In the flat panel displays of smartphones, tablets, PCs, and televisions, transparent electrodes are patterned on the glass substrate to activate the individual cells of liquid crystals or OLEDs. The transparent electrodes and driver ICs that activate these cells must be electrically connected; however, soldering cannot be used for connection because ITO used as transparent electrodes does not form a eutectic system with solder. Since an equal number of electrodes as the liquid crystal cells must be aligned within the display size, another problem is the limitation on the maximum space between the electrodes, or the connection pitch, to avoid short-circuiting the adjacent electrodes. As HD displays become higher in resolution and smaller in size, the connection pitch has to be narrower.

In 1984, Hitachi Chemical (the predecessor of RESONAC), became the world’s first manufacturer to put ACF connection to practical use in compact LCD TVs. Films using carbon fibers as conductive particles were known earlier, but the connection pitch could be narrowed only up to 500μm1) and fell short of meeting the requirements of LCD TVs at the time. RESONAC succeeded in satisfying the requirements of LCD TVs by adopting metal conductive particles and adjusting the amount and state of the dispersed particles1).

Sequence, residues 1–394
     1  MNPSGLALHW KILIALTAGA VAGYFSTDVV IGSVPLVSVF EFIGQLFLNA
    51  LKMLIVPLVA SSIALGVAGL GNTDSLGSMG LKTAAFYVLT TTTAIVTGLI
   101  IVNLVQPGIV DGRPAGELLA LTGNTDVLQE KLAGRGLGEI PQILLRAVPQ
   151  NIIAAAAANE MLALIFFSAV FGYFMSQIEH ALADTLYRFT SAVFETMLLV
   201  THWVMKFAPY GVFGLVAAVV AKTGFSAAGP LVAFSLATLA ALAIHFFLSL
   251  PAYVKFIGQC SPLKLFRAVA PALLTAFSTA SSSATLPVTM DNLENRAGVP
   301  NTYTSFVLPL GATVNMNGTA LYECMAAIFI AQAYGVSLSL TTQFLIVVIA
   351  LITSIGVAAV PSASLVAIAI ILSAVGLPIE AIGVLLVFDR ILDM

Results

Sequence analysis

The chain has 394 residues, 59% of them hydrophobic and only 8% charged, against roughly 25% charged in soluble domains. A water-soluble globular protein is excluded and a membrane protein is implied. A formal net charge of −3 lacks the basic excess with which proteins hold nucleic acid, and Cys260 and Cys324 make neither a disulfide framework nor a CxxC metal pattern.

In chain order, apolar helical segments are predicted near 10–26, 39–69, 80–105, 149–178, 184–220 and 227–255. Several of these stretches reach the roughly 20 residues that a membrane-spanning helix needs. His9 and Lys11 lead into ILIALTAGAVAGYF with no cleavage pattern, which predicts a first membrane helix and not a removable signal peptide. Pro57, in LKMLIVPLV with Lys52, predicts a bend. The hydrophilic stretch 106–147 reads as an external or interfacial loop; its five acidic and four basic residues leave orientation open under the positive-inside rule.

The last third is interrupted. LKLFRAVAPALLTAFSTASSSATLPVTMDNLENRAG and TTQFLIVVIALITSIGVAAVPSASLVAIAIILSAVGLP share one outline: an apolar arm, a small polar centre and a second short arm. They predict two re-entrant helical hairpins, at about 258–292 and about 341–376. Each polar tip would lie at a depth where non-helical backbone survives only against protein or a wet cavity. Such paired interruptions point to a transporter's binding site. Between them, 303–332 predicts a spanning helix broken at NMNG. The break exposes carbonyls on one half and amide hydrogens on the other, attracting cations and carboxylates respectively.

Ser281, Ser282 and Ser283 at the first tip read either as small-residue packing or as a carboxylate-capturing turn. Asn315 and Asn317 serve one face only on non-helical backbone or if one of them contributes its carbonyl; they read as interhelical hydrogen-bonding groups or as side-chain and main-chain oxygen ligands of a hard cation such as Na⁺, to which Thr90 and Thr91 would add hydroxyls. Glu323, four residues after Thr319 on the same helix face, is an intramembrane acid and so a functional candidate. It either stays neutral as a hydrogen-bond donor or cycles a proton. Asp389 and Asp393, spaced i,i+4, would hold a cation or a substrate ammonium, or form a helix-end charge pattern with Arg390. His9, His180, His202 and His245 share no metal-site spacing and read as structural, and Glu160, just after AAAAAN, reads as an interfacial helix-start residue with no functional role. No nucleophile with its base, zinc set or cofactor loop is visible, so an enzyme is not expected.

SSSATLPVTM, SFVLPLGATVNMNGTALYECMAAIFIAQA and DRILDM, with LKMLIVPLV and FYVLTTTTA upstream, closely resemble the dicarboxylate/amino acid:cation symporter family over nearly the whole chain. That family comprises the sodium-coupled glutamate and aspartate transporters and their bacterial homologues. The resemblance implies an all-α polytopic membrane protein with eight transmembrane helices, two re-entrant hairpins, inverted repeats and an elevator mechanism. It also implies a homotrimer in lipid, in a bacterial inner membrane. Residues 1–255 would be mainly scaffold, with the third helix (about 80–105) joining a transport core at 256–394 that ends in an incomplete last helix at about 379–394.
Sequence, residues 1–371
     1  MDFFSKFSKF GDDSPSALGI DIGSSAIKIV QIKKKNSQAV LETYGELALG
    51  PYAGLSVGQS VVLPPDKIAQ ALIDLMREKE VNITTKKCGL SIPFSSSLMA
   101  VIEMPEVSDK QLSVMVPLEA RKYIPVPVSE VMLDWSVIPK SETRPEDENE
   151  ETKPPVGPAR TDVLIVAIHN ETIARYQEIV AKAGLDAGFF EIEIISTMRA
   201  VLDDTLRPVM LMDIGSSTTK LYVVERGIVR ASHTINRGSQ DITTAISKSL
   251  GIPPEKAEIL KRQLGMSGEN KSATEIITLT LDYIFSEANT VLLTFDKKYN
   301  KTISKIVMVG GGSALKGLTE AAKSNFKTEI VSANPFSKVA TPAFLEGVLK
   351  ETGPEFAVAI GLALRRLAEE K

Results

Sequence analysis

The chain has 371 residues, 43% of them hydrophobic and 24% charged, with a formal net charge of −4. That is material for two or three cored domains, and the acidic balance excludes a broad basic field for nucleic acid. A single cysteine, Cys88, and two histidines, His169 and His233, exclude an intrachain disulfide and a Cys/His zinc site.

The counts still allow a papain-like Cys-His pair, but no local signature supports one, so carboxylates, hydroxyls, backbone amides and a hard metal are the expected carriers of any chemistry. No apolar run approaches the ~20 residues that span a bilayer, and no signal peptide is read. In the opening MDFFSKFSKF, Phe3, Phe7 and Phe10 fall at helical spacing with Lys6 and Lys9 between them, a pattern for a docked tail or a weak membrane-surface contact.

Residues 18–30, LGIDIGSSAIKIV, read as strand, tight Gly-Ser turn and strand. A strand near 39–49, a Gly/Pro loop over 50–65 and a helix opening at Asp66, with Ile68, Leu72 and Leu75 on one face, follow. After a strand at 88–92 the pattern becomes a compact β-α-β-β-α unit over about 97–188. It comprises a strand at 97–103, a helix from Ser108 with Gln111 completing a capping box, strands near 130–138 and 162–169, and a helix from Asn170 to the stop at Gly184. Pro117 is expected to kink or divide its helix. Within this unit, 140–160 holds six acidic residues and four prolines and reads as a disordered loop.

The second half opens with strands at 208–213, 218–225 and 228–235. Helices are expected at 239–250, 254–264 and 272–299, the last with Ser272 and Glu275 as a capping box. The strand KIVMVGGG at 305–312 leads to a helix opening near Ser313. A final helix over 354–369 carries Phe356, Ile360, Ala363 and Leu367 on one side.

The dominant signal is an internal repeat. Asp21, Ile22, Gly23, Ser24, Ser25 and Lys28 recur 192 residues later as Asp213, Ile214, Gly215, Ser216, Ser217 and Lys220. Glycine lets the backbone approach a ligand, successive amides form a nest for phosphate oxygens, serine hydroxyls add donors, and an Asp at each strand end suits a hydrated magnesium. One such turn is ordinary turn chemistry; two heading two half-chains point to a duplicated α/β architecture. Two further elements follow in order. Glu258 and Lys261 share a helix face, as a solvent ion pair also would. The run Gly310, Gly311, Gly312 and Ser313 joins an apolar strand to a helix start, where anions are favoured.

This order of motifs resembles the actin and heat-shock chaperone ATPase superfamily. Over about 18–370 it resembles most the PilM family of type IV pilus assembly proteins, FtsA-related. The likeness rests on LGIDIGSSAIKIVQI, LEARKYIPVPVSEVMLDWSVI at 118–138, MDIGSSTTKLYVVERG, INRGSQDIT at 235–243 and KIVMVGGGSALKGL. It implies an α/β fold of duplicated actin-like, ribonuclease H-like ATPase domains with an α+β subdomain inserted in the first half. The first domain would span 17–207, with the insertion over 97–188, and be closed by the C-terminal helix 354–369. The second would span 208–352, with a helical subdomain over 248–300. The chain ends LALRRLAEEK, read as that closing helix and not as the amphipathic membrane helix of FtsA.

RESONAC continued to improve ACF over the years. By developing conductive particles, resin materials, and dispersing technology further, RESONAC succeeded in reducing the connection pitch to 100μm or smaller in 1992. In 2016, the company unveiled its Particle-Aligned Anisotropic Conductive Film (hereinafter, “PAL-ACF”) 2), which uses the technology of dispersing conductive particles evenly in the film. Today, RESONAC’s ACF “ANOSOLM” has achieved a connection pitch of 20μm with these technologies.

In this way, ACF is increasingly being used in higher definition, smaller LCDs, and OLED displays with enhanced pitch resolution. Since it can make the connection area physically thin, ACF also contributes to producing thinner displays.

Used in displays, ACF can demonstrate its many features, enabling small, thin, flat, and narrow-pitch connections, and handling numerous electrodes at the same time. RESONAC’s ACF “ANISOLM” also achieves the smallest width in the industry at 0.4mm.